HIV/AIDS knowledge measures are widely used to determine the efficacy of HIV/AIDS prevention and education efforts. While much research has looked at the interventions, less attention has been paid to the quality of the measures themselves.
Although many sub-Saharan African countries that are affected by HIV and AIDS have developed education sector policies in response to the epidemic, there are still challenges in effectively addressing the issue in schools.
In West and Central Africa (WCA), teachers are among the most vulnerable since they are seen as role models in the community. HIV & AIDS increase the morbidity and the mortality of already inadequate number of teachers within the education sector.
In preparation for a school-based intervention in KwaZulu-Natal, South Africa, the authors conducted a cross-sectional survey of potential HIV risk factors in youth ages 14–17 (n=983). Boys were significantly more likely than girls to report lifetime sexual activity (37.7% v. 13.8%, P<0.01).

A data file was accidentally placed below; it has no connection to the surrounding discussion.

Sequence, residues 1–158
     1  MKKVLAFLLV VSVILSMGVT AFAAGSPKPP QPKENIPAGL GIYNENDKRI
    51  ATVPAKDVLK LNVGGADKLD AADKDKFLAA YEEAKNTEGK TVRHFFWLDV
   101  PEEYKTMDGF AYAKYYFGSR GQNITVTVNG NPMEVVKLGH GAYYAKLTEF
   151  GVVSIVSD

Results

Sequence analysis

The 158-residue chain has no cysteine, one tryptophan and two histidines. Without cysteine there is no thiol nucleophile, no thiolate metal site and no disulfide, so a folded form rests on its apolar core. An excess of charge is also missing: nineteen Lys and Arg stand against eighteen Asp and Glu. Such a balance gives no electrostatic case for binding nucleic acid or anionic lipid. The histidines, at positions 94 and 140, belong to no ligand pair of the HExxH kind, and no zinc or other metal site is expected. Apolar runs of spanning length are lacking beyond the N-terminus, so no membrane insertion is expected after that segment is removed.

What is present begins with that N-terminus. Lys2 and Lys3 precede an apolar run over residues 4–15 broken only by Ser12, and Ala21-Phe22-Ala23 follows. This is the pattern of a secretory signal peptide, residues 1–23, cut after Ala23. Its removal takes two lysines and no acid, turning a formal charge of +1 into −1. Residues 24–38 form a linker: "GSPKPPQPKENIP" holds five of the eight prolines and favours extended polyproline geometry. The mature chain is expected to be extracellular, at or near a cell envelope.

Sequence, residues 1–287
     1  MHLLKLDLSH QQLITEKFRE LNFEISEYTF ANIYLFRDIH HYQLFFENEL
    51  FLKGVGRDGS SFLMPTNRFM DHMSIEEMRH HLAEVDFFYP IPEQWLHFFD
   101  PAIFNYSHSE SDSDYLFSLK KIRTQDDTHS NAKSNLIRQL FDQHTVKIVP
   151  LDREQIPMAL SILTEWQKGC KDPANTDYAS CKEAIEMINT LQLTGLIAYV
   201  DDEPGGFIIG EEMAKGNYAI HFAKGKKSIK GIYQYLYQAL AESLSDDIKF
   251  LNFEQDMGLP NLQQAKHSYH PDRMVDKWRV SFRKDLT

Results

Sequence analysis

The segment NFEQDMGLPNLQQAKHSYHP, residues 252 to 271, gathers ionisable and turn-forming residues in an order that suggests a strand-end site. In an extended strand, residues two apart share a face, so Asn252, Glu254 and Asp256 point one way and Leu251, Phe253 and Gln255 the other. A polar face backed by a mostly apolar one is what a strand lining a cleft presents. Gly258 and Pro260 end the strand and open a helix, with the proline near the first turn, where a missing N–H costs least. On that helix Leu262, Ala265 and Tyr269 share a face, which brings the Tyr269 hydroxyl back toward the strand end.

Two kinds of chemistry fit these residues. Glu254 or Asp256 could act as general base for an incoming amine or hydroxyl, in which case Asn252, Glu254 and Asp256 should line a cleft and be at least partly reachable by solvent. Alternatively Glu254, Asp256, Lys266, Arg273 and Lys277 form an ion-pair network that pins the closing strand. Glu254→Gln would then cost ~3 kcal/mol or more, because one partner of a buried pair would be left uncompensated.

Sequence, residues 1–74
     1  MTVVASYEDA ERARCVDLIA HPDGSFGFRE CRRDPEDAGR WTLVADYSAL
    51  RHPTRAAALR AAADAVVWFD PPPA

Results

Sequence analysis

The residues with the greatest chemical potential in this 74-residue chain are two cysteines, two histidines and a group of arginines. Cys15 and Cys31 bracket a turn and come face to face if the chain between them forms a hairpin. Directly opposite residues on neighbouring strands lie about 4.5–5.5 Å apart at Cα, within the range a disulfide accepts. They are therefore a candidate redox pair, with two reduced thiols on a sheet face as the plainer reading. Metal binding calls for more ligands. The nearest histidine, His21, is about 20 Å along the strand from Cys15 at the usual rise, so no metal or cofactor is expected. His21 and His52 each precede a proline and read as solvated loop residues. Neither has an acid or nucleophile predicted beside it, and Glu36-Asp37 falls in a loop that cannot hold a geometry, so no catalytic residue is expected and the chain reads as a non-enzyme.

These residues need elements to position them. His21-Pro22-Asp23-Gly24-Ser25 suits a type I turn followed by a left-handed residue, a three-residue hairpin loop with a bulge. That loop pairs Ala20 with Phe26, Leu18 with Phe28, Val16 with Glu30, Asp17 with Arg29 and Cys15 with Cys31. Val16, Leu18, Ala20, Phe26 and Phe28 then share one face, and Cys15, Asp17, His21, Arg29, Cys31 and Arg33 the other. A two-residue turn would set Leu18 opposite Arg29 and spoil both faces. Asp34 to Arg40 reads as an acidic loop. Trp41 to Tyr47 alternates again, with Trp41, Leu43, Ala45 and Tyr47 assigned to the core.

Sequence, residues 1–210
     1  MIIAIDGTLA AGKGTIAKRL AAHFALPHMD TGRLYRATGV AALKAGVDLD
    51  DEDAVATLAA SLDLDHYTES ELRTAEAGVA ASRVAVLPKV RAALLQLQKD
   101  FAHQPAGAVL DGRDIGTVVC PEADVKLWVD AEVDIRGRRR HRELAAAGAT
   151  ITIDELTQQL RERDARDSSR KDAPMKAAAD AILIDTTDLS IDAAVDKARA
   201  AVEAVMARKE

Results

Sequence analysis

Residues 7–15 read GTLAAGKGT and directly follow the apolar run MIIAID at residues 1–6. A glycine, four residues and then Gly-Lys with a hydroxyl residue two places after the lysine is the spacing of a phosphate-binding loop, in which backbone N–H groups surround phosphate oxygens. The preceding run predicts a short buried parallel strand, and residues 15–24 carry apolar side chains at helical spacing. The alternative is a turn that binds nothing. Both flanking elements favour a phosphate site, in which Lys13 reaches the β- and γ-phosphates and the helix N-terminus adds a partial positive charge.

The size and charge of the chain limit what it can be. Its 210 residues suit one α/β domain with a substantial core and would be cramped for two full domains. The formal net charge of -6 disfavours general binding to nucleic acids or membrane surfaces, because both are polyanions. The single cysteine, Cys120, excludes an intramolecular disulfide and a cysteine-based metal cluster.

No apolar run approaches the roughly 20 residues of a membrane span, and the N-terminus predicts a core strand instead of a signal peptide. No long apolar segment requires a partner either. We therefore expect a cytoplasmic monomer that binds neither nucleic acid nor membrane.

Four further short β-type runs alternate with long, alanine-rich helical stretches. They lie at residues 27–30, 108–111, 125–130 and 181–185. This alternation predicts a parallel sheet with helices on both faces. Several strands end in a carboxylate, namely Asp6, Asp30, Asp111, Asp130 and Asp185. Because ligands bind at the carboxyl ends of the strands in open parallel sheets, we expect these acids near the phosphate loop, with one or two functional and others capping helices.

School feeding programs are politically popular interventions. They are, nevertheless, difficult to assess in terms of effectiveness since their impact is partially on education and partially on school health. They are, additionally, a means to augment consumption by vulnerable populations.
This Review reflects on the borders that have been placed around sexual identity, sexual behaviour and sexuality.
The Guidance Note provides principles and practical recommendations to guide national governments and their partners in the elaboration of a national Sustainability Strategy for school feeding.
This piece explores the role of life-skills education (LSE) in the context of HIV and AIDS, in particular in relation to its potential for contributing towards HIV prevention efforts amongst young people.
This study investigated how HIV/sexually transmitted infection peer education (PE) affected HIV knowledge, perceived prevention self-efficacy, and risky sexual behaviors among Turkish university students (N = 118) who were sexually active but did not use condoms.
With an overall adult HIV prevalence of 15.3%, Namibia is facing one of the largest HIV epidemics in Africa. Young people aged 20 to 34 years constitute one of the groups at highest risk of HIV infection in Namibia.